Size-selective harvesting is assumed to alter life histories of exploited fish populations, thereby negatively affecting population productivity, recovery, and yield. However, demonstrating that fisheries-induced phenotypic changes in the wild are at least partly genetically determined has proved notoriously difficult. Moreover, the population-level consequences of fisheries-induced evolution are still being controversially discussed. Using an experimental approach, we found that five generations of size-selective harvesting altered the life histories and behavior, but not the metabolic rate, of...

Data from: Experimental evidence for sex-specific plasticity in adult brain

Gabor Herczeg, Abigél Gonda, Gergely Balázs, Kristina Noreikiene & Juha Merilä
Background: Plasticity in brain size and the size of different brain regions during early ontogeny is known from many vertebrate taxa, but less is known about plasticity in the brains of adults. In contrast to mammals and birds, most parts of a fish’s brain continue to undergo neurogenesis throughout adulthood, making lifelong plasticity in brain size possible. We tested whether maturing adult three-spined sticklebacks (Gasterosteus aculeatus) reared in a stimulus-poor environment exhibited brain plasticity in...

Data from: Quantitative genetic analysis of brain size variation in sticklebacks: support for the mosaic model of brain evolution

Kristina Noreikiene, Gábor Herczeg, Abigél Gonda, Gergely Balázs, Arild Husby & Juha Merilä
The mosaic model of brain evolution postulates that different brain regions are relatively free to evolve independently from each other. Such independent evolution is possible only if genetic correlations among the different brain regions are less than unity. We estimated heritabilities, evolvabilities and genetic correlations of relative size of the brain, and its different regions in the three-spined stickleback (Gasterosteus aculeatus). We found that heritabilities were low (average h2 = 0.24), suggesting a large plastic...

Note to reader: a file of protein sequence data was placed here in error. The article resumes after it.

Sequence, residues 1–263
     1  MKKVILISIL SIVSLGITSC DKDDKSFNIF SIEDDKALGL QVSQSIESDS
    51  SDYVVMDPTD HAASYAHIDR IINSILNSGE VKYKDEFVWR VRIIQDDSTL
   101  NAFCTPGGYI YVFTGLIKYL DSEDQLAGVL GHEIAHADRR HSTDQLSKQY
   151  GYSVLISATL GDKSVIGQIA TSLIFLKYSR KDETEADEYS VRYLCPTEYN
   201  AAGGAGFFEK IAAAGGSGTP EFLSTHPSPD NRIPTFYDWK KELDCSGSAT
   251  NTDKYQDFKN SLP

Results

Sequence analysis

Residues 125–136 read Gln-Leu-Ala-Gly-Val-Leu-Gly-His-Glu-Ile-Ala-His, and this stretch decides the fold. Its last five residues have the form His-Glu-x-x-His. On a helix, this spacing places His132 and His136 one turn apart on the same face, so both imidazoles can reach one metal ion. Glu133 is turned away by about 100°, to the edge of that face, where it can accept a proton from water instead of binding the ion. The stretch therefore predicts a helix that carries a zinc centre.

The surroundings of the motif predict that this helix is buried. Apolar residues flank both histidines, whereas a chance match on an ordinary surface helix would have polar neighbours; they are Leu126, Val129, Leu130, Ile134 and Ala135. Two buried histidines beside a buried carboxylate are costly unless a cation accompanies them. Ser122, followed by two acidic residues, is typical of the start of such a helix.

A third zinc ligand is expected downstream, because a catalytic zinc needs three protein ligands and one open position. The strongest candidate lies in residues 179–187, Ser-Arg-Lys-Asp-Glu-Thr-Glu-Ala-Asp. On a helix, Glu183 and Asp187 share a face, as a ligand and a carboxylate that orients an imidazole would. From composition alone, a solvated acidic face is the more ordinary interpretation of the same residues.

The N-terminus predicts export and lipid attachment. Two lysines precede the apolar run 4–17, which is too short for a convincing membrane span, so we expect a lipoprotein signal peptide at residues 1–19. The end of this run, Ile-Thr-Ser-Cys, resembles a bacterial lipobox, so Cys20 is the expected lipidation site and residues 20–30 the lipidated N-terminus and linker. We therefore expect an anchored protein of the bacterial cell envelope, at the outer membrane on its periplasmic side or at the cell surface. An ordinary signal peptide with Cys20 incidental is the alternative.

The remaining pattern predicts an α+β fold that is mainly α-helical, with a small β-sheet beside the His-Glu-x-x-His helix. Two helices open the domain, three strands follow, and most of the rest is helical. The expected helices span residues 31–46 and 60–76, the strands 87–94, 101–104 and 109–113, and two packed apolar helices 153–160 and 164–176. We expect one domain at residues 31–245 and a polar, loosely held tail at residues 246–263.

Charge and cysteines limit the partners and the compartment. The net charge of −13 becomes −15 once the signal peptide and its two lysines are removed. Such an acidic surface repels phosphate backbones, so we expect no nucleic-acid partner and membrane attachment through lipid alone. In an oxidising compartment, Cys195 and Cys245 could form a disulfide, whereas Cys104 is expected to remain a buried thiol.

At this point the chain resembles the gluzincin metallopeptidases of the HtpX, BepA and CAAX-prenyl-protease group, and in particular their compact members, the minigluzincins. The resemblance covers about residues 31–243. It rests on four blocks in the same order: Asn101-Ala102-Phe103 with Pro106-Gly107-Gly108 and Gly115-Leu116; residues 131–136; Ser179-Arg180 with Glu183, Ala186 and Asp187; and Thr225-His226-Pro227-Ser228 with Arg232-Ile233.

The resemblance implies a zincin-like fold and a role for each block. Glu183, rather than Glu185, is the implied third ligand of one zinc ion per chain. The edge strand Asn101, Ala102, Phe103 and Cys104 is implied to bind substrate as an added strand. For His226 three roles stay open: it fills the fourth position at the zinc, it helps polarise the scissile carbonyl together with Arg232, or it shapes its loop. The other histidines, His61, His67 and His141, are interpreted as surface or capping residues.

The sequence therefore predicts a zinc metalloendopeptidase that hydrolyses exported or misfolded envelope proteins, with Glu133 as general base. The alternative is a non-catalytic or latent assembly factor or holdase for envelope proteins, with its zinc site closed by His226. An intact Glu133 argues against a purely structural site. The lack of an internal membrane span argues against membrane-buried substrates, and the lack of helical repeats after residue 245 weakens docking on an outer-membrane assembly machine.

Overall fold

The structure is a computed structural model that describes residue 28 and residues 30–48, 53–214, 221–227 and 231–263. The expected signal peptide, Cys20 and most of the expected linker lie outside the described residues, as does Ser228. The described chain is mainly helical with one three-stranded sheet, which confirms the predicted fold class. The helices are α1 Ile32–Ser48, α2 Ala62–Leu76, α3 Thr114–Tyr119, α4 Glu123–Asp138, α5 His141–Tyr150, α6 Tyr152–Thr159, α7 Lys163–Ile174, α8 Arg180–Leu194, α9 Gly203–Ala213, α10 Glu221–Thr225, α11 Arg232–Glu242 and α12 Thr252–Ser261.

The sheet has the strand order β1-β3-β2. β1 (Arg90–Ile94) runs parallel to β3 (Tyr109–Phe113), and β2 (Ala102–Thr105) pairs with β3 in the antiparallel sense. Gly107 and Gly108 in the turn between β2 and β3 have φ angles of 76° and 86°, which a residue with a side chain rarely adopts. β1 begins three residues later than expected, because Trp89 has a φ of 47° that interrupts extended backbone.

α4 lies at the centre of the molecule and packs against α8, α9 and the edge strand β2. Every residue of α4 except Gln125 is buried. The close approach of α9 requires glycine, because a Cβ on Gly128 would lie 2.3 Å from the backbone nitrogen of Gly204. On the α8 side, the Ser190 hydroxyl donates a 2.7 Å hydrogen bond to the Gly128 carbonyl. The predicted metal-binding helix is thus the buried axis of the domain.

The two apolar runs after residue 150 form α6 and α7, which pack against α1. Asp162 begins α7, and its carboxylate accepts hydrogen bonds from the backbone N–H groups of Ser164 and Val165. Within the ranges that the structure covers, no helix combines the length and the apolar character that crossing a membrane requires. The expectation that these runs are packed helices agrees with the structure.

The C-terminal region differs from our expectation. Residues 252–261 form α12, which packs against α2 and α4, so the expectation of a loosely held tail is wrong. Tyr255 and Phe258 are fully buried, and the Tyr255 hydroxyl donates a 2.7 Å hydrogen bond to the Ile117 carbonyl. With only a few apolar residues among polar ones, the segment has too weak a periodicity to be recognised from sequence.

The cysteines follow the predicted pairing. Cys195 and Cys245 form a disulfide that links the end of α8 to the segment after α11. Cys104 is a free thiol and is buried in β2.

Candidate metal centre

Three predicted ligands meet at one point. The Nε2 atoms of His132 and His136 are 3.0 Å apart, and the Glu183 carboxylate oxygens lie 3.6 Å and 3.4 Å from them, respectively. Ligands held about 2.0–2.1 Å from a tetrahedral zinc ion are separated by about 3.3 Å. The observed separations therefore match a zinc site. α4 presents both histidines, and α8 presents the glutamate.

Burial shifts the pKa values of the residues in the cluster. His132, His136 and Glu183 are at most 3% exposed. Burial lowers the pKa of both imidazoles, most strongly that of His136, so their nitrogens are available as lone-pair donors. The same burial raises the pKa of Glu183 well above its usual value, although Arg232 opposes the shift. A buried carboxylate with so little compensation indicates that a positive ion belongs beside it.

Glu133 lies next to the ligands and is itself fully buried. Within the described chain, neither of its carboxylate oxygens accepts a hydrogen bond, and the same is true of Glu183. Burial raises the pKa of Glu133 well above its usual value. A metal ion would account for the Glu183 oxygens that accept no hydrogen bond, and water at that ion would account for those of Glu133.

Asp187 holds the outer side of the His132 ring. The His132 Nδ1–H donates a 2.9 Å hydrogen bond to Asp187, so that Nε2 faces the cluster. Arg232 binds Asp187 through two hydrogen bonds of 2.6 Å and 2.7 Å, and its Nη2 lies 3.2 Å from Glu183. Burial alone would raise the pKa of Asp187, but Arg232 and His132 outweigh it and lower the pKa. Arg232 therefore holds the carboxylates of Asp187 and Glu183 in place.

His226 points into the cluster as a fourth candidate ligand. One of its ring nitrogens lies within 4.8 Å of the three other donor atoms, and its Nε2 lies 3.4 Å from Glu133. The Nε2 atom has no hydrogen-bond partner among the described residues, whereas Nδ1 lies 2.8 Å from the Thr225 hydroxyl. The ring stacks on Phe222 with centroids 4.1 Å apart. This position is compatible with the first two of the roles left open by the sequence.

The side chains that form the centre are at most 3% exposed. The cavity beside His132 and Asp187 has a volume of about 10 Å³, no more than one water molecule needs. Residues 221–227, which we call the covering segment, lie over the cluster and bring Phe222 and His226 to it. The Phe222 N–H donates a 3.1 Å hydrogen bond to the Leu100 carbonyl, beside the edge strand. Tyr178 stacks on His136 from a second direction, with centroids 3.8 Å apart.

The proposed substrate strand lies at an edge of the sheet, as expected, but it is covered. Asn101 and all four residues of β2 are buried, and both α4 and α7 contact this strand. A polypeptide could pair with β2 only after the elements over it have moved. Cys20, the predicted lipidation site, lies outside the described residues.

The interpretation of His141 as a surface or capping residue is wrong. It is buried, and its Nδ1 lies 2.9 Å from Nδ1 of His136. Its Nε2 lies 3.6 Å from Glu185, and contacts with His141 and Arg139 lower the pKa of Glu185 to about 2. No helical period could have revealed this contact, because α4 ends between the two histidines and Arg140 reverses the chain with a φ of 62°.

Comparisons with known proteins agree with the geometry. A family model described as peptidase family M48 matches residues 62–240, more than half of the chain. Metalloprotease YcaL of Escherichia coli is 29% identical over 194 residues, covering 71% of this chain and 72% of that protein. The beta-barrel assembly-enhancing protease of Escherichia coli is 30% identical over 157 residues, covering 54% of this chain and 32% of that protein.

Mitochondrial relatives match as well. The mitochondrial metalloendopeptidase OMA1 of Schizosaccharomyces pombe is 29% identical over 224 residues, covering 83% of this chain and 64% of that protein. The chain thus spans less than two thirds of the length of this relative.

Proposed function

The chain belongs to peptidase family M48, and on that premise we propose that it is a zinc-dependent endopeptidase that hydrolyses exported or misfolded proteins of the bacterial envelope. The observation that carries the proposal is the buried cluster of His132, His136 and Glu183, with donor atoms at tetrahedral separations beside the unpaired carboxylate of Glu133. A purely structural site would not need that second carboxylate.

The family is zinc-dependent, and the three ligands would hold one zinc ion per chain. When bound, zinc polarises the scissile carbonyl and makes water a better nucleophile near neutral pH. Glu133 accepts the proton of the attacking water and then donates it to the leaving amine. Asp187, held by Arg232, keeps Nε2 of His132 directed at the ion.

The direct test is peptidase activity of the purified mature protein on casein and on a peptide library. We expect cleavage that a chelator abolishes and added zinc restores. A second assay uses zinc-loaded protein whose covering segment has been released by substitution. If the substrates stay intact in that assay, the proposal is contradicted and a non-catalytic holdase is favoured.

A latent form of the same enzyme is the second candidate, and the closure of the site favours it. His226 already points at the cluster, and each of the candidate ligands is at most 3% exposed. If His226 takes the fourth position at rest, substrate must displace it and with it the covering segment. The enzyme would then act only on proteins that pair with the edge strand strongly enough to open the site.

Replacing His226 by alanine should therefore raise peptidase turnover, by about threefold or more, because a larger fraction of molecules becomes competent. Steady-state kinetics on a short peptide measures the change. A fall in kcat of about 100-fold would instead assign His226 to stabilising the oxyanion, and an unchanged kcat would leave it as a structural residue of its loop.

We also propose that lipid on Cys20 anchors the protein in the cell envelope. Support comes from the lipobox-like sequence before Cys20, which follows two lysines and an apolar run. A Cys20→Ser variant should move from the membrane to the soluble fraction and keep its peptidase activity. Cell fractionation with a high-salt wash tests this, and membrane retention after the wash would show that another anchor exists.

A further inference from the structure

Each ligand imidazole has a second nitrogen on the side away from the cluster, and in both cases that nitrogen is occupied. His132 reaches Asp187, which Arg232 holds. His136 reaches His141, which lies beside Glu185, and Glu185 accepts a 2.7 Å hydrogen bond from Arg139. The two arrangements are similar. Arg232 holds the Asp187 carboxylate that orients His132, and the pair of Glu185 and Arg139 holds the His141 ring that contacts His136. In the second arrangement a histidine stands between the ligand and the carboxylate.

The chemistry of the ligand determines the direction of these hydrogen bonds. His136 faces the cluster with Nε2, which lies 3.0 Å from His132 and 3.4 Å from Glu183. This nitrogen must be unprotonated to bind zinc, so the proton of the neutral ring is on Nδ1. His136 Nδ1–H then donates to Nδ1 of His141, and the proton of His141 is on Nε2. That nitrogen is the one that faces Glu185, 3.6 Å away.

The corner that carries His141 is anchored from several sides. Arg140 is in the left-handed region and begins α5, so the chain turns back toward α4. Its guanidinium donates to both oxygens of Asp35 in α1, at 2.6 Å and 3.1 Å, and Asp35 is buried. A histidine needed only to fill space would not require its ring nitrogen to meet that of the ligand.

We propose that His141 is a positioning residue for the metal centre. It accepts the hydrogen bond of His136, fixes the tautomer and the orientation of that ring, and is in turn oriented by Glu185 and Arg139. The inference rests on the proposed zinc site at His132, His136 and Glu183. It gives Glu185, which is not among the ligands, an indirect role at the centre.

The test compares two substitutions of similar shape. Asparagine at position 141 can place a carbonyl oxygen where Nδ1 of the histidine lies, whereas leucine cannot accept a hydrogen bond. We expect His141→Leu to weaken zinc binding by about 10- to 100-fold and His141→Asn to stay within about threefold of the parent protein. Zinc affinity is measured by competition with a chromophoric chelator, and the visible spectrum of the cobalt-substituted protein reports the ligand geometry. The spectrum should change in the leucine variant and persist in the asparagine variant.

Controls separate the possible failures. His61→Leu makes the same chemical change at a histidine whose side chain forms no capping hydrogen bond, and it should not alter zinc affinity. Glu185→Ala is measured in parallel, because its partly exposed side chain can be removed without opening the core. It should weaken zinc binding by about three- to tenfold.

Data from: The de novo genome assembly and annotation of a female domestic dromedary of North African origin

Robert R. Fitak, Elmira Mohandesan, Jukka Corander & Pamela A. Burger
The single-humped dromedary (Camelus dromedarius) is the most numerous and widespread of domestic camel species and is a significant source of meat, milk, wool, transportation and sport for millions of people. Dromedaries are particularly well adapted to hot, desert conditions and harbour a variety of biological and physiological characteristics with evolutionary, economic and medical importance. To understand the genetic basis of these traits, an extensive resource of genomic variation is required. In this study, we...

Data from: The dual role of rivers in facilitating or hindering movements of the false heath fritillary butterfly

Mar Cabeza, Henna Fabritius, Joona Lehtomäki, Otso Ovaskainen, Katja Rönkä & Niklas Wahlberg
Background: Species movement responses to landscape structures have been studied using a variety of methods, but movement research is still in need of simple methods that help predicting and comparing movements across structurally different landscapes. We demonstrate how habitat-specific movement models can be used to disentangle causes of differentiated movement patterns in structurally different landscapes and to predict movement patterns in altered and artificial landscapes. In our case study, we studied the role of riparian...

Data from: Effects of spring temperatures on the strength of selection on timing of reproduction in a long-distance migratory bird

Marcel E. Visser, Phillip Gienapp, Arild Husby, Michael Morrisey, Iván De La Hera, Francisco Pulido & Christiaan Both